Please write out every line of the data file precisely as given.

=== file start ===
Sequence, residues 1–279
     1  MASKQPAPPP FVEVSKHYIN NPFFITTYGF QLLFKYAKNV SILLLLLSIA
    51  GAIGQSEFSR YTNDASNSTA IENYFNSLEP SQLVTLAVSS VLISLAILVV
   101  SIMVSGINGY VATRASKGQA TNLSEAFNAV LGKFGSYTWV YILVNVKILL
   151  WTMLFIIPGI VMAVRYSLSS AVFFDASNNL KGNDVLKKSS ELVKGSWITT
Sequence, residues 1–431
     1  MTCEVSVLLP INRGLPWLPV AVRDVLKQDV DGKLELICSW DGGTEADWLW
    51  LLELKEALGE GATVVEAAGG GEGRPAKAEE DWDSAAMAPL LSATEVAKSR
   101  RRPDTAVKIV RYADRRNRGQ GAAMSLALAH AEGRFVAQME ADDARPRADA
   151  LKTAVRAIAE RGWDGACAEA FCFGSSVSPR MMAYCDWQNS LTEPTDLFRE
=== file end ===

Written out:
Sequence, residues 1–279
     1  MASKQPAPPP FVEVSKHYIN NPFFITTYGF QLLFKYAKNV SILLLLLSIA
    51  GAIGQSEFSR YTNDASNSTA IENYFNSLEP SQLVTLAVSS VLISLAILVV
   101  SIMVSGINGY VATRASKGQA TNLSEAFNAV LGKFGSYTWV YILVNVKILL
   151  WTMLFIIPGI VMAVRYSLSS AVFFDASNNL KGNDVLKKSS ELVKGSWITT
Sequence, residues 1–431
     1  MTCEVSVLLP INRGLPWLPV AVRDVLKQDV DGKLELICSW DGGTEADWLW
    51  LLELKEALGE GATVVEAAGG GEGRPAKAEE DWDSAAMAPL LSATEVAKSR
   101  RRPDTAVKIV RYADRRNRGQ GAAMSLALAH AEGRFVAQME ADDARPRADA
   151  LKTAVRAIAE RGWDGACAEA FCFGSSVSPR MMAYCDWQNS LTEPTDLFRE